Physiotherapists are an intriguing breed. Part medical...part physical development?
Over the years I’ve found it a common thing to hear a strength & conditioning coaches bemoan physiotherapists…"f%^king physio stopped me doing deadlifts with so & so"...and to be fair visa versa. The axiom "you f&*k'em...we fix'em" is often thrown about by the braver physio souls. I must say as I’ve “matured” in the professional team environment I think both schools of thought are correct at different times. The challenge is knowing which time is which!
Are physios really a full-time necessity in professional team sport? Should they be banned from the weights room and the field?
I can hear the physio community bracing for battle and defense of their hard fought professional integrity.
Answers to these clearly inflammatory questions really come down to individual management styles and the philosophical perspective of the person setting up the medical / physical performance team. As I have sat in the very position described, I think I am well versed to offer thoughts on how I see the integration of the modern sports physiotherapist and S&C departments.
As a department lead my background is firmly as an S&C coach. However, for better or worse, the 14 years I spent preparing, and more importantly, traveling with international rugby teams has given me a unique experience and insights when it comes to physiotherapists. For most of the aforementioned time I worked in environments, particularly when travelling, where there was one doctor, one physio and one S&C coach. Working on tours that lasted for anything up to 8 weeks, you become exposed to a far more detailed experience when working with just two other people when it comes to the players physical preparation and well being.
In my rugby tenure I was privileged to work with a number of physios who not only possessed fantastic individual skills, but where also sufficiently open in their thinking to provide an almost seamless service provision with me in terms of overall physical preparation. The end result of working with these people was that I was able to receive what I would call an “operational” education in how physiotherapists think and what their skill sets can achieve. As I am a naturally inquisitive beast, my curiosity lead me to developing a very functional set of skills from these physios, based around massage techniques, muscle tone assessments, trigger point and fascia releases. In the early years of touring I was often the team masseuse, so these skills became well honed in a relatively short period of time.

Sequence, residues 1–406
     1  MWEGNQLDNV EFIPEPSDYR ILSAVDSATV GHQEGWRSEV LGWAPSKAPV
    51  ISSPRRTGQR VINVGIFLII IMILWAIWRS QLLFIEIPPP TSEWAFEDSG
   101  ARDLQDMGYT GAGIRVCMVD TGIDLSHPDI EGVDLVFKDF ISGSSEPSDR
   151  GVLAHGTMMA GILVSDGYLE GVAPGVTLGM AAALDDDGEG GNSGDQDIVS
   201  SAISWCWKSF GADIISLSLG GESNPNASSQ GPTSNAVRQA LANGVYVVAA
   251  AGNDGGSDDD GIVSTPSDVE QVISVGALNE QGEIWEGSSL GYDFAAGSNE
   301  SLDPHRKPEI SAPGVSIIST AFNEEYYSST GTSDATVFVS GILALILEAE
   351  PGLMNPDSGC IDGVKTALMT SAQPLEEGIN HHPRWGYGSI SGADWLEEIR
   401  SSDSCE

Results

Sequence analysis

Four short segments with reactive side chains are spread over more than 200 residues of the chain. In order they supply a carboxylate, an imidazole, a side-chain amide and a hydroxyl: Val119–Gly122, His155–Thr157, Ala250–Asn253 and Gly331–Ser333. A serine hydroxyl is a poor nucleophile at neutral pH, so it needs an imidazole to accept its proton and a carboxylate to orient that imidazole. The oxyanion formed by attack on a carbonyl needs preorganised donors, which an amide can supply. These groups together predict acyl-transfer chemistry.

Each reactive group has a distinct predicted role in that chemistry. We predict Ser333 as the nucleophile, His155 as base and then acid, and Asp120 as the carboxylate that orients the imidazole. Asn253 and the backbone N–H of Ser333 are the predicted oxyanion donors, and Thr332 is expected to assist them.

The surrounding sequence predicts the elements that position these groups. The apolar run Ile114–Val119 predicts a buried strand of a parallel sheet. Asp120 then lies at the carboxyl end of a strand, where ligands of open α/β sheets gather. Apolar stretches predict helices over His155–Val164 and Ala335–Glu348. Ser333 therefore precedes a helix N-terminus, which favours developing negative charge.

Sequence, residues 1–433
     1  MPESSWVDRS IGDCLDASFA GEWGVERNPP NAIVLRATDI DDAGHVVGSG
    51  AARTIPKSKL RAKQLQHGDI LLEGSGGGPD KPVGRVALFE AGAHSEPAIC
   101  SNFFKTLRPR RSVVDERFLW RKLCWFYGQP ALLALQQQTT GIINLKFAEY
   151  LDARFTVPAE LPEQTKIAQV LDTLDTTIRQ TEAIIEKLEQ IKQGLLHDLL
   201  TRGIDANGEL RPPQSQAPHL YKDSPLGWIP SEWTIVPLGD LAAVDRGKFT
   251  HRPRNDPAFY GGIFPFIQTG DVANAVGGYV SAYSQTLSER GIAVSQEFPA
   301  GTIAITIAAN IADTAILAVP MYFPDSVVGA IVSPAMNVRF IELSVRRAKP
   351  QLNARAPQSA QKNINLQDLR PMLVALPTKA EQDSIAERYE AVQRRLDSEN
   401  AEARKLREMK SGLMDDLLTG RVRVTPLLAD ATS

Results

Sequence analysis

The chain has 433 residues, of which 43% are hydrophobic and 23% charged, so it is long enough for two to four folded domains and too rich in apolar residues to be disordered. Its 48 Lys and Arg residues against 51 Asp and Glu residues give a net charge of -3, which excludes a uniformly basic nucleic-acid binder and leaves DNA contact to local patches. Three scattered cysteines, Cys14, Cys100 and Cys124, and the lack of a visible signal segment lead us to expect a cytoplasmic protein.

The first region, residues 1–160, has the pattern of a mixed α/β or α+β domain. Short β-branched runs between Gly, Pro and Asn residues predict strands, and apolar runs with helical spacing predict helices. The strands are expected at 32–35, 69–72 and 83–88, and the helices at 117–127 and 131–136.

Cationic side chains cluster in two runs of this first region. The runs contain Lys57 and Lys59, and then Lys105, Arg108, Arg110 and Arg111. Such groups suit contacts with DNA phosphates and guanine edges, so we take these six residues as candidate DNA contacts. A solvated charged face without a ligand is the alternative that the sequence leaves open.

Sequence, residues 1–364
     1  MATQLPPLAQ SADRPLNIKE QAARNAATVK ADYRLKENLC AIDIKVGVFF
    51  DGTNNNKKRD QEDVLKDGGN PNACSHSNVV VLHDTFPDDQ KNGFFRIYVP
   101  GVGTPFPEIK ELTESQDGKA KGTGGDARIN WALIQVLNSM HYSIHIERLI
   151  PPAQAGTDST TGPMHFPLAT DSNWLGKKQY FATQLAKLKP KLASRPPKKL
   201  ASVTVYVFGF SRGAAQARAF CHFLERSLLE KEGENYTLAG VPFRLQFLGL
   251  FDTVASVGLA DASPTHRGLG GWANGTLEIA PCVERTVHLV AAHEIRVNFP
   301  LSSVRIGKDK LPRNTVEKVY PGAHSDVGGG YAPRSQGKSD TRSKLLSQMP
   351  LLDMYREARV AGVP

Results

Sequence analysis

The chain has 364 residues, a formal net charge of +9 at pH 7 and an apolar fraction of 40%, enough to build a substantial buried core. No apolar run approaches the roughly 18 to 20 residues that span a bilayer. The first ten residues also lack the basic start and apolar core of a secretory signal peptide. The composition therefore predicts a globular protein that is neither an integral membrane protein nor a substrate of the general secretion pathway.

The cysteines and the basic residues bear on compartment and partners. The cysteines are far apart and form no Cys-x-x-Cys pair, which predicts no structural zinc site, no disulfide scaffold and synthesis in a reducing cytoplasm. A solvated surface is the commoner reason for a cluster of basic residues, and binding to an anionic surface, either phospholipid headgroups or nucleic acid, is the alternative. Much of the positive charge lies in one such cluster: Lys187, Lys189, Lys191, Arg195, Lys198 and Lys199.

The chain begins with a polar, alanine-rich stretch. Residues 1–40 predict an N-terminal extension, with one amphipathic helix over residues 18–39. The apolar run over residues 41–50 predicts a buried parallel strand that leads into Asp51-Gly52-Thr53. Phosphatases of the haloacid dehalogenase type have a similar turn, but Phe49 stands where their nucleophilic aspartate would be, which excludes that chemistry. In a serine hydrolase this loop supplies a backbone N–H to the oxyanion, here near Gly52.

As I have progressed in my career I have found this set of skill invaluable. Firstly, as a coach I have improved out of sight because of the insights my hands-on skills afford me. Elite track and field coaches such as Charlie Francis and Dan Pfaff have presented widely on their interactions with athletes at the highest level, and their views on the need for individualized provision of specific soft tissue work in order to achieve the most out of their athletes. Secondly, now as a department lead, I am sufficiently well versed to engage my physiotherapy staff about specific elements of treatment for individual athletes, how it relates to what is required, and also, almost more importantly to have a more detailed appreciation of their perspective on any given situation. Probably something I wasn’t quite as good at as a younger coach.
Like any profession there are good and bad physios. Often a bad physio is not necessarily the one which graduated last in his class, or the one for whom IQ is not a strong suite. In my view a "bad" physio is typically one who is categorically dogmatic in their views and cannot see the “Forrest through the tress” i.e. their role within the physical performance team. Funnily enough the same can be said of S&C coaches…too dogmatic and they become a liability.